Parliamentary Committees and Public Enquiries
Printable version

Use of WhatsApp for lobbying needs greater transparency, say MPs

Lobbying of Ministers over WhatsApp and other Non-Corporate Communication Channels (NCCCs), should be subject to the same disclosure regime as face-to-face meetings, says the Public Administration and Constitutional Affairs Committee in its new report. 

PACAC calls for greater transparency over the informal lobbying taking place over instant messaging channels and advises that the use of NCCCs should be blocked on official devices, failing the implementation of a transparency regime that “can command public confidence”.  

The report finds that “the application of such principles would likely have required the disclosure of Greensill Capital's interaction with Ministers and officials”. The Committee’s inquiry, launched in 2021 to conduct post-legislative scrutiny of the 2014 Lobbying Act, was requested by the Government following the Greensill scandal, which exposed weaknesses in lobbying rules. 

In oral evidence to this inquiry, the Government acknowledged that the Lobbying Act needed reform, but ruled out any reform which would require primary legislation. The Committee is critical of this approach by the Government and finds that “there are deficiencies in the Act that cannot be resolved without [reform]”. It argues that “it is contrary to the principles of effective government to conduct post-legislative scrutiny without being open to the possibility of its outcome requiring legislative change”. 

The report emphasises that the Lobbying Act 2014 was designed to work with “other transparency measures, in particular the quarterly departmental transparency releases”. These are intended to disclose meetings, gifts, and hospitality, involving Ministers and senior officials. 

Taking account of the influential role that Special Advisers (SpAds) can exert in the policy formulation process, PACAC recommends expanding the scope of transparency releases to include disclosure in full of all SpAds’ meetings. At present SpAds are only required to declare meetings held with senior media figures, a situation which the Committees describes as “anomalous” and one which “undermines public confidence in the integrity of the lobbying process”.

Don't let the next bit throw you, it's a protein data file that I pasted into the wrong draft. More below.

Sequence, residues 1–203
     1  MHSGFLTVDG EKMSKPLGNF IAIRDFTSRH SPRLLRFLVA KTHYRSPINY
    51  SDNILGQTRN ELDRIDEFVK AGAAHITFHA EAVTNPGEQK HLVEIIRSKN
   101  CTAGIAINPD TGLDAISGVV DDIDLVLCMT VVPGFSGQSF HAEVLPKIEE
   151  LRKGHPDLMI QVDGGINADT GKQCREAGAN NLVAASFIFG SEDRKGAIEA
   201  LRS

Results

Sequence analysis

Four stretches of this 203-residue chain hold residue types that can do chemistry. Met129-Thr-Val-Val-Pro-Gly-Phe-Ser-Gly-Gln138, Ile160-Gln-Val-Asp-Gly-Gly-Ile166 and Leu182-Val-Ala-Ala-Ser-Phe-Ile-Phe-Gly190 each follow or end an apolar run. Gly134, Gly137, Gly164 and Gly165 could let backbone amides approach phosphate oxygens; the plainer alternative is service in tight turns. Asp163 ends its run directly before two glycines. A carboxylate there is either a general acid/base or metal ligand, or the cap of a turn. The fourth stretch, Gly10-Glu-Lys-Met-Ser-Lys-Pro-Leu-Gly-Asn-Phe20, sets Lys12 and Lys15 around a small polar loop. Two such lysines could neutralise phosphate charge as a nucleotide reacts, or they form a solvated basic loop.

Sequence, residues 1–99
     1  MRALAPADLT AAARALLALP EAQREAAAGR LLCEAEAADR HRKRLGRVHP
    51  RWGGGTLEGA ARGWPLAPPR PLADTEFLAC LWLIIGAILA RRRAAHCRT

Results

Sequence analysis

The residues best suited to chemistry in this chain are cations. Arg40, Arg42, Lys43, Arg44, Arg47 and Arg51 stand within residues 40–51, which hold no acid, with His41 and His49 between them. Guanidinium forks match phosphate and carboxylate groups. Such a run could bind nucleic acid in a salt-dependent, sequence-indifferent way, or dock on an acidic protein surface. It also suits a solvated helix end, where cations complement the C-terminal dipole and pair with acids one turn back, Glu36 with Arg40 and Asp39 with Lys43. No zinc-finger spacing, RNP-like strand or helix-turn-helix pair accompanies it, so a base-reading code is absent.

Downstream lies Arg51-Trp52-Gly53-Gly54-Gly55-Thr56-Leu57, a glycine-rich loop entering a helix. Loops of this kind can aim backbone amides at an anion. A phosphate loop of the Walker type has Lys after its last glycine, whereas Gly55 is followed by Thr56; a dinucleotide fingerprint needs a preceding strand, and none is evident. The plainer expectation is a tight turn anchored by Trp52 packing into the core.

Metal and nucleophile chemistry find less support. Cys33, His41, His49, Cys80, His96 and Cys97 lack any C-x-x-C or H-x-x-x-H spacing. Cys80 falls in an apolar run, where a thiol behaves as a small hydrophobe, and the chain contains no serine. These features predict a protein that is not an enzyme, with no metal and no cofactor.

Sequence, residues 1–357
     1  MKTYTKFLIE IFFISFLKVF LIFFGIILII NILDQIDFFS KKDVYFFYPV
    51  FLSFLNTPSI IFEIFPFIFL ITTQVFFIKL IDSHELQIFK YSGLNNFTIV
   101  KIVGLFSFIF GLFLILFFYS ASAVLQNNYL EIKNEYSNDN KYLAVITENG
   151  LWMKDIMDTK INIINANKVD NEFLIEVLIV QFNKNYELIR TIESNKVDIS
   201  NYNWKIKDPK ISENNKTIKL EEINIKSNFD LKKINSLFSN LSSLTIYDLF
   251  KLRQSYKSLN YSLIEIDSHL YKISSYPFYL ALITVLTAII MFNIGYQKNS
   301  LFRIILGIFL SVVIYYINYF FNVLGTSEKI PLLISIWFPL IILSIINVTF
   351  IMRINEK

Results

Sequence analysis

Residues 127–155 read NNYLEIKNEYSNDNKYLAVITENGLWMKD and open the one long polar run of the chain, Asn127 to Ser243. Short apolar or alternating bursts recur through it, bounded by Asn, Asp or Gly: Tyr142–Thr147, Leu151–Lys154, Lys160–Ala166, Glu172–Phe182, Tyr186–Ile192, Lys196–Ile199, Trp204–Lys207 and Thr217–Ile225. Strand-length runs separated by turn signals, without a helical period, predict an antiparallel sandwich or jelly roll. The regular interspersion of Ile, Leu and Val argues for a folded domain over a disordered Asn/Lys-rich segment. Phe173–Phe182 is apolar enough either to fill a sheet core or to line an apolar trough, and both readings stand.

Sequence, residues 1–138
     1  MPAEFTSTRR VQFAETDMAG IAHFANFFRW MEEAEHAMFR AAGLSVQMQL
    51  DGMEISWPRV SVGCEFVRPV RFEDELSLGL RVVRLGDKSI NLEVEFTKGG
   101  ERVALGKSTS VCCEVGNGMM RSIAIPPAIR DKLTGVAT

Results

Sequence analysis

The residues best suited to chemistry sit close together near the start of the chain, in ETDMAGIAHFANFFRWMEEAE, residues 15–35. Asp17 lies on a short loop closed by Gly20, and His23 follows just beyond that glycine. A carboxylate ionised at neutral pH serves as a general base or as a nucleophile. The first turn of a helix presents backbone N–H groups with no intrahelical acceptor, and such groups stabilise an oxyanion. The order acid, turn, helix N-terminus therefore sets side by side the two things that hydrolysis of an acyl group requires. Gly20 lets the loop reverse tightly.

The Committee welcomes the Government's commitment to producing an integrated platform for transparency data, which will make the data, currently published separately by each Department, more easily accessible. With the current regime of quarterly publication, MPs say that “information may be several months old by the time it is released”, and state that they “expect the Government to move swiftly from quarterly to monthly transparency publication”, upon the single, integrated platform for transparency data disclosures taking effect.  

Evidence submitted to PACAC during its inquiry raised concerns about missing information within the quarterly transparency releases, finding that Ministers' meetings with company representatives that were announced through official Government social media accounts were missing from the subsequent transparency releases.  

The Committee also heard that meetings declared in transparency releases are often accompanied by information “too cursory to provide any clarity about their purpose”.  

In response to recommendations by both the Committee for Standards in Public Life (CSPL) and Nigel Boardman, that this issue should be addressed, the Government agreed to prepare new guidance requiring that meeting descriptions should include "relevant and instructive information". PACAC states that it would expect the descriptions of the meetings to include, “at a minimum, details of the policy area and any specific regulations, legislation, or funding under discussion”.  

The report discusses the need for transparency disclosures by non-government parties, acknowledging that, following a change of government, “much of the policy a government implements—at least early in a new Parliament—will have been developed in Opposition”.  

Opposition members will be lobbied too, and while shadow ministers are currently only required to make declarations as Members of Parliament in the Register of Members' Interests, PACAC’s MPs “encourage… shadow ministers and other frontbenchers from non-government parties, to routinely publish details of the meetings they hold with outside bodies on their webpages in a timely manner”.  

The Lobbying Act 2014 established The Register of Consultant Lobbyists. The Committee finds the Register contains too little information, and recommends that it should include not only a list of clients on whose behalf lobbying has been conducted, as it currently does, but also the subject of lobbying, dates of lobbying, and the medium through which lobbying took place. 

Chair's comment 

The acting Chair of PACAC, the Rt Hon David Jones MP, said: 

“Lobbying in Whitehall is recognised as a key feature of our democracy, but the current legislation and transparency regime do not ensure that the public is fully informed about influences being brought to bear on policy formulation, across Government and non-government parties alike.  

“We welcome the Government’s commitment to introduce a single, integrated platform for transparency disclosures and look forward to seeing this introduced as soon as possible, along with a move to more frequent publication of transparency releases. 

“Increasingly, lobbying activity is undertaken on instant messaging channels such as WhatsApp and this is an area which we think needs greater transparency, to bring it in line with reporting of face-to-face meetings held with Ministers, in order to increase public confidence in the democratic process.” 

Further information

Channel website:

Original article link:

Share this article

Latest News from
Parliamentary Committees and Public Enquiries

Smart Places & Smart Communities 2024